Céant then announced a list of economic measures, including reducing the government’s expenses and subsidizing the price of imported rice in hopes of quelling tensions on the streets. But his detractors argued that the measures were not enough and he has not delivered on promises, which included ambulances in communities around the country, new roads, the development of several regional airports, the reorganization of the mining bureau and new social and economic pacts to attract domestic and foreign investments.
Céant’s supporters, however, have noted that while he was in charge of the government he lacked the latitude to govern. Most of the government, for example, was not of his choosing and Moïse is known as a micro-manager.
Deputy Jean Marie Forestal, who introduced the no-confidence measure in the chamber on Monday, cited both the country’s dismal economic situation and the ongoing tensions between Moïse and Céant as the reasons on why the government needed to go.
Forestal said that six months after Céant had won approval from both chambers for his political program to turn Haiti around, “the sociopolitical situation of the country has been aggravated, and is insupportable for the Haitian population; the unemployment, hunger, misery.”
“His government is totally passive,” said Forestal, who represents Port-de-Paix, the northwest Haitian city where Moïse is from. “Céant’s government has proven its incapacity to guarantee the security, peace on the streets, the serenity of Haitian families, and stability; conditions that are essential for investment and economic growth. With his government, the security [problems] and violence have taken all forms.”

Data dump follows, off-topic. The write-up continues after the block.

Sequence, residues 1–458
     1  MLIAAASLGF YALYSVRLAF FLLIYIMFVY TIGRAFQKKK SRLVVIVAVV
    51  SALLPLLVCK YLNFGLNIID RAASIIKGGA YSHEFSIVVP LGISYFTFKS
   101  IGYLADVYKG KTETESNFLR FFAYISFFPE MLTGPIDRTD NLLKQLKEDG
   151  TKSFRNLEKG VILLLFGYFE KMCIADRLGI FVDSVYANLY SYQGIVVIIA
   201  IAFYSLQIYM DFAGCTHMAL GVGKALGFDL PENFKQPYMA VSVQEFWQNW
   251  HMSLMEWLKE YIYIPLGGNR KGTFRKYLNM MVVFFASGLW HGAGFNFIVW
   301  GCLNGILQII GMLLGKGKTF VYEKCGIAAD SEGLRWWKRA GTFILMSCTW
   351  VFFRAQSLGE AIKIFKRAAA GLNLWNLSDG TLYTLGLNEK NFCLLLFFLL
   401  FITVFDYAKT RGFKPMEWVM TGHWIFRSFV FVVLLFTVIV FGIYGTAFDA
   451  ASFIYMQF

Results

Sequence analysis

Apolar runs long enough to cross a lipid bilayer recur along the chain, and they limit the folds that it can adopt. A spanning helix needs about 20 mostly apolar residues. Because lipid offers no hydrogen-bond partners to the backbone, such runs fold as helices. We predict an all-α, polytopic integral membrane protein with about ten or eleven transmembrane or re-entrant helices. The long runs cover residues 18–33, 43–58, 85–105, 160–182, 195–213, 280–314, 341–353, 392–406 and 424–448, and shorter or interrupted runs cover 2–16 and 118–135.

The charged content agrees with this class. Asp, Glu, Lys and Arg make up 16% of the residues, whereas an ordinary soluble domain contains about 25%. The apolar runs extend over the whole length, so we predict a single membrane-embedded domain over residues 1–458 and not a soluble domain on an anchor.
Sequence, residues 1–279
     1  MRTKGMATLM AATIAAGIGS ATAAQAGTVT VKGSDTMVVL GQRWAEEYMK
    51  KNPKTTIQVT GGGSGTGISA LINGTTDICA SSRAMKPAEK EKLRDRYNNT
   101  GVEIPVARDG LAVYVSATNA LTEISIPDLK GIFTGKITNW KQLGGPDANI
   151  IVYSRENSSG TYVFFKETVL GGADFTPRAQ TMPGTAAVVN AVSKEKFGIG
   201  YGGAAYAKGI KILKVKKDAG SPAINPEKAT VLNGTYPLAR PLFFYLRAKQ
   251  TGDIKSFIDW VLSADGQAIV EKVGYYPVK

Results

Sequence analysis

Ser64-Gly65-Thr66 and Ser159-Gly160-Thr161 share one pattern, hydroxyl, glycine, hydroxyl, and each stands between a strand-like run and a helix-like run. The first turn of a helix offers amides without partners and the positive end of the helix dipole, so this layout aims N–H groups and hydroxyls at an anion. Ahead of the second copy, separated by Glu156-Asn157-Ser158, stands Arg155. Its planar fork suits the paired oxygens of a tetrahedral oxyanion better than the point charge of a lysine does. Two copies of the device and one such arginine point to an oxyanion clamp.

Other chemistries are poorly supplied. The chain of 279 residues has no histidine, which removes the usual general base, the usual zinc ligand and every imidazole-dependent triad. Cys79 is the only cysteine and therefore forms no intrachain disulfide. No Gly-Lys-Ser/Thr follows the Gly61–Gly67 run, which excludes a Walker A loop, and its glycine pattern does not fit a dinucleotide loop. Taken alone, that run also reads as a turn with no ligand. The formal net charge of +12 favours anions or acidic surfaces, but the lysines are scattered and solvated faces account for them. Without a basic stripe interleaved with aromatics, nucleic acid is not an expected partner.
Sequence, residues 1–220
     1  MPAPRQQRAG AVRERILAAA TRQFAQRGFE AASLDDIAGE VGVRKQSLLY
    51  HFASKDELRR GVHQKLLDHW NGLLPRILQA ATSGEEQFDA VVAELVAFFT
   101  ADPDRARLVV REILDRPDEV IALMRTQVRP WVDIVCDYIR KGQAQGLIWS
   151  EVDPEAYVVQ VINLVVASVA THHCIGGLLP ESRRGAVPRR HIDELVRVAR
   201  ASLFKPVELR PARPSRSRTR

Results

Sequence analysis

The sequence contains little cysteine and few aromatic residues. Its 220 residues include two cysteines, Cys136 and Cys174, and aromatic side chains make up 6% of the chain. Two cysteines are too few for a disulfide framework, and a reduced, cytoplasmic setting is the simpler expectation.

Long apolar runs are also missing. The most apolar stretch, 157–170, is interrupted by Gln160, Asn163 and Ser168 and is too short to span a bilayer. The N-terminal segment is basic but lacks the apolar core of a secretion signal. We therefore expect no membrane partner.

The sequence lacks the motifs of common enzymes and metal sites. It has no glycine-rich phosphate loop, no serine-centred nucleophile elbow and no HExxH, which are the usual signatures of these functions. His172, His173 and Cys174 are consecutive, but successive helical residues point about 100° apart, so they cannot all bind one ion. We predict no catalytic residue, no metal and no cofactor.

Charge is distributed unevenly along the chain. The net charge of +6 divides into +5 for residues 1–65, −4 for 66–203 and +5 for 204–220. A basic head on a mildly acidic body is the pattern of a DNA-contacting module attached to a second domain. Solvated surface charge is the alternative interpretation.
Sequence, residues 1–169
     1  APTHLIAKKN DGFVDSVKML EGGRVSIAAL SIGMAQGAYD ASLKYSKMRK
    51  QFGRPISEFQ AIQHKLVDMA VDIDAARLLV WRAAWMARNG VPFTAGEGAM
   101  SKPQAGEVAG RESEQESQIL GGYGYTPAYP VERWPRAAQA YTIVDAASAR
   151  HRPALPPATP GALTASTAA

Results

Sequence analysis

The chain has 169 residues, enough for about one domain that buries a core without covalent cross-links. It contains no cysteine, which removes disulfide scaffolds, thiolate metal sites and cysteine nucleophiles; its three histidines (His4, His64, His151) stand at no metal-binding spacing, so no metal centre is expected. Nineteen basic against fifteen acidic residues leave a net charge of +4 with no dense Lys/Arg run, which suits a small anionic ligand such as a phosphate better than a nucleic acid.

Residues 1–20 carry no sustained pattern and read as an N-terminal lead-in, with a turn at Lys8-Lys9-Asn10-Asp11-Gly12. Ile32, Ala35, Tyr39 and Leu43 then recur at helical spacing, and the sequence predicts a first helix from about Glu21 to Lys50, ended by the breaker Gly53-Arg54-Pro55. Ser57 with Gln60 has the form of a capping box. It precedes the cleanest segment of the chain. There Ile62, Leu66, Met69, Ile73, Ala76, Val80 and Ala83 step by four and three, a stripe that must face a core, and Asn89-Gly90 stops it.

Forestal added that contrary to the promises Céant made when he outlined his programs, his government had failed to address Haiti’s import bill by pushing national production, or deal with the devaluation of the domestic currency, the gourde, to the U.S. dollar.
“The national currency has deteriorated considerably,” he said.
In an interview with the Herald last month, Bodeau promised that he would move to get rid of Céant as soon as the law permitted. That arrived on Sunday, when the prime minister officially marked his six months in office, which under the Haitian Constitution meant that his protection from firing was now over.
Symbolically, Bodeau said, he had already conveyed to the government that it should resign when he took the unusual decision to reject Céant’s proposed budget because it did not address the social problems such as the teachers’ arrears, reducing inflation and the budget deficit.
“In the first trimester Jean Henry Céant’s government already accumulated a budget deficit of $89.6 million,” Bodeau said. “Before we had all of these problems in the streets we could have come up with a budget that was essential. Nothing was done and now you see all of the population taking to the streets.”
“I didn’t hear anything new,” from him, Bodeau said, “in respect to addressing the crisis.”